The first time I saw the Duomo of Milan, it was a cold, drizzly January night. We came up out of the metro and by luck, happened to come up into the Piazza directly facing this glorious Cathedral.
It took my breath away.
We entered the Duomo, instantaneously enveloped by the heavy scent of incense, hushed tones of churchgoers, tourists, and flickering candles- framed by the massive columns and soaring ceiling.
And just like that, I was in love with Milan and there was no turning back.
The Duomo of Milan is a stunning Gothic masterpiece and the 5th largest cathedral in the world. The Cathedral, dedicated to St. Mary of the Nativity (Santa Maria Nascente) took nearly 6 centuries to complete, some say it’s still not completed since the restoration is an ongoing project.
The details here are amazing- it has 3400 statues & 135 gargoyles! I’m pretty sure if you tried to start counting you’d never get there…
I dare say this is the most photographed place in all of Milan. Despite the crowds, I still never tire of walking past it or taking a moment inside. And I cannot ever walk by without snapping more photos, even though we have hundreds at this point!
INSIDER TIP | Look high above the apse (in the far front of this photo) and look for the little red light. The light marks the location of a small shrine which holds a holy relic, a nail from the crucifixion. This relic was given to the Emperor Constantine by his mother, and preserved by Saint Ambrose, the archbishop of Milan and moved to the Duomo when it was built. Every September 14, an ornately painted lift called a “Nivola” is hoisted up in the air to retrieve the relic for a special ceremony called the “Rito della Nivola” in the Cathedral. The relic is kept down by the alter for approximately 2 weeks.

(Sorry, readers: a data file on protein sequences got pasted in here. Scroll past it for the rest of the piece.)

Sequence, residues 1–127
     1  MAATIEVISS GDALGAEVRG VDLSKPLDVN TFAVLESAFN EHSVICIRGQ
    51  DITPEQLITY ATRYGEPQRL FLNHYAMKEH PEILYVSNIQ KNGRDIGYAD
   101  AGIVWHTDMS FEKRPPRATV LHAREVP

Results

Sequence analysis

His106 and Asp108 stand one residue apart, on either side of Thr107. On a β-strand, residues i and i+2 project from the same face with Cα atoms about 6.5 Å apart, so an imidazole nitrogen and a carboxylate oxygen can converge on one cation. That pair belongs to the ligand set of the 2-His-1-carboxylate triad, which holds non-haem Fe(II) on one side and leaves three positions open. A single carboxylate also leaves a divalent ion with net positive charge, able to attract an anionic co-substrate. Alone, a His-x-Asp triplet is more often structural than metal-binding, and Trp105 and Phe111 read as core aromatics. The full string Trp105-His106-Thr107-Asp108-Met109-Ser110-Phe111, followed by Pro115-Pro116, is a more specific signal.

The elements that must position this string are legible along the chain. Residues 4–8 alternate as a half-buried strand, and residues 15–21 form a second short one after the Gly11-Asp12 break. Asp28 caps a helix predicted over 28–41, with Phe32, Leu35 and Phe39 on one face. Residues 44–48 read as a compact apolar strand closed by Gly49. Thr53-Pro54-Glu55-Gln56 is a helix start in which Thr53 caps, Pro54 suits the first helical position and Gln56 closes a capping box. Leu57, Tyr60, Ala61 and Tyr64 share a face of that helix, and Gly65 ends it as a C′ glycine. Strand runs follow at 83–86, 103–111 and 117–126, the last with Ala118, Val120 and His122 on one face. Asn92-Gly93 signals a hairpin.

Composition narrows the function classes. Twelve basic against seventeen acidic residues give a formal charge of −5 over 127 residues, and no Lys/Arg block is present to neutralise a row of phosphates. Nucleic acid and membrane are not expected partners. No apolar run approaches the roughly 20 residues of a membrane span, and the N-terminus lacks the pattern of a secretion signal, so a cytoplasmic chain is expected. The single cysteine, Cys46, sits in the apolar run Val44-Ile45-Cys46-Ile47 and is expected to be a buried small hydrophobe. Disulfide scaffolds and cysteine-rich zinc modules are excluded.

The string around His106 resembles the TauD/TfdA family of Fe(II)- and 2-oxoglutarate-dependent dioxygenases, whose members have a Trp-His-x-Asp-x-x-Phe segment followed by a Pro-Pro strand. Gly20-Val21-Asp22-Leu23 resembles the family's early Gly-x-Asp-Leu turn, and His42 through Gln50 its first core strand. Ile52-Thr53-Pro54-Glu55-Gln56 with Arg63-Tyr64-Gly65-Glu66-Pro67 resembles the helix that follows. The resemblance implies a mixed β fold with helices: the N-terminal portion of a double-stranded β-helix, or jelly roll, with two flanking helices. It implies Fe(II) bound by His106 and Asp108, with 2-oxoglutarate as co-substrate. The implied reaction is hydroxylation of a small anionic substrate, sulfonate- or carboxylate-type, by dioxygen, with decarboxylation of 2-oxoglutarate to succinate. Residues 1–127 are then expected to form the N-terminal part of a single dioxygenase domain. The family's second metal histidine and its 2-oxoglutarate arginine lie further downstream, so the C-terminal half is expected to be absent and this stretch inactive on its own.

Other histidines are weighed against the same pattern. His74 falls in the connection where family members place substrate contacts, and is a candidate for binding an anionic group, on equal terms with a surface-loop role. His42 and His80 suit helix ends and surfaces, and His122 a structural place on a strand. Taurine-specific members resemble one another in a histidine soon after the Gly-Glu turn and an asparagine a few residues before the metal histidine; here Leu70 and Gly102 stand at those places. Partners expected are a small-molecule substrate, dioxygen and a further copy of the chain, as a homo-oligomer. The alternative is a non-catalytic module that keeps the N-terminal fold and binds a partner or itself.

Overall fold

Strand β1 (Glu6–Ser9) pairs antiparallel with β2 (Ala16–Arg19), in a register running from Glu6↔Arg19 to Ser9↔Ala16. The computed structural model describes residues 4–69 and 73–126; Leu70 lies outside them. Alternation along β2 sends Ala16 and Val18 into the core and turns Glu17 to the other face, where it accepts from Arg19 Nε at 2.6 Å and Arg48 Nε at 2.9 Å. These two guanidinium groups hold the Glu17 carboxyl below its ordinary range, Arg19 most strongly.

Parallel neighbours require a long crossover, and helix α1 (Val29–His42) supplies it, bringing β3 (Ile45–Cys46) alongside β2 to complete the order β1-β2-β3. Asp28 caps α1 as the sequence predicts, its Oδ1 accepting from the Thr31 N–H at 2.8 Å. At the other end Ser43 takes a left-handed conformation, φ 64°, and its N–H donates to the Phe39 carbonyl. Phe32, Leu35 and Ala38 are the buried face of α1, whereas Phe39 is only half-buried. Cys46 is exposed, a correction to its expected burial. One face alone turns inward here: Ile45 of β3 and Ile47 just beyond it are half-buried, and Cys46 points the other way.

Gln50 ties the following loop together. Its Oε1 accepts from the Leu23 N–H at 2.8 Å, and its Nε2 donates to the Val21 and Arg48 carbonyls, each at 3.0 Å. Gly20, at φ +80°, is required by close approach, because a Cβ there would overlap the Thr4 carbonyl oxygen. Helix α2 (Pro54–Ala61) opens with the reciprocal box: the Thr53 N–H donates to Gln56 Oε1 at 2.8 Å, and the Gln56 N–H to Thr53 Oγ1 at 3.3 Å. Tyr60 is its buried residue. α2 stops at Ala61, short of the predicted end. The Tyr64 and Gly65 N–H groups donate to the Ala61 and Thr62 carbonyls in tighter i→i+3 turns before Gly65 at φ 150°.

INSIDER TIP | Don’t miss the sculpture of Saint Bartholomew in the south transept of the Cathedral. Sculpted by Marco d’Agrate in 1562, it shows the martyred saint with his own skin draped over his shoulders. Many believe he was skinned alive. The sculpture is fascinating, showing every muscle and tendon- quite the masterpiece in its own right.
INSIDER TIP | For an incredible close up look at the architecture of the cathedral, and surrounding views of Milan- take the steps (or the elevator) to the top. It’s an amazing view, and someplace we love to take guests when they are visiting. (tickets required for both options)
Location | Piazza del Duomo, Milano
Red Line (M1) or Yellow Line (M3) to the Duomo Stop
- Piazza Fontana stop, trams 15 + 23
- Via Mazzini stop, trams 16, 24, 12 + 27
- Via Torino stop, trams 2 + 3
Cathedral Hours (double check here)
Daily 9.00 -19.00
Cost (Current Prices here)
- Cathedral- € 3,00
Ticket includes admission to the Cathedral, Duomo Museum and San Gottardo in Corte Church
- Roof Terraces- Tickets must be purchased to go onto the roof terraces (€ 9,00 on foot, €13,00 for elevator at the time of this post )
Duomo Museum (included in Cathedral admission)
- Tuesday – Sunday 10.00 – 18.00
- Last ticket: at 17.00 (5pm)
- As with any church in Italy, be prepared with proper clothing. Bare shoulders and short skirts or shorts are not allowed.
- Rooftop times are noted on the website and are different than Cathedral hours.
- You may be stopped at the entrance by men in uniform to have your bag screened. Don’t worry, this is part of the normal process.
- You can now download the Duomo di Milano app for your phone or tablet which includes details art & history information.
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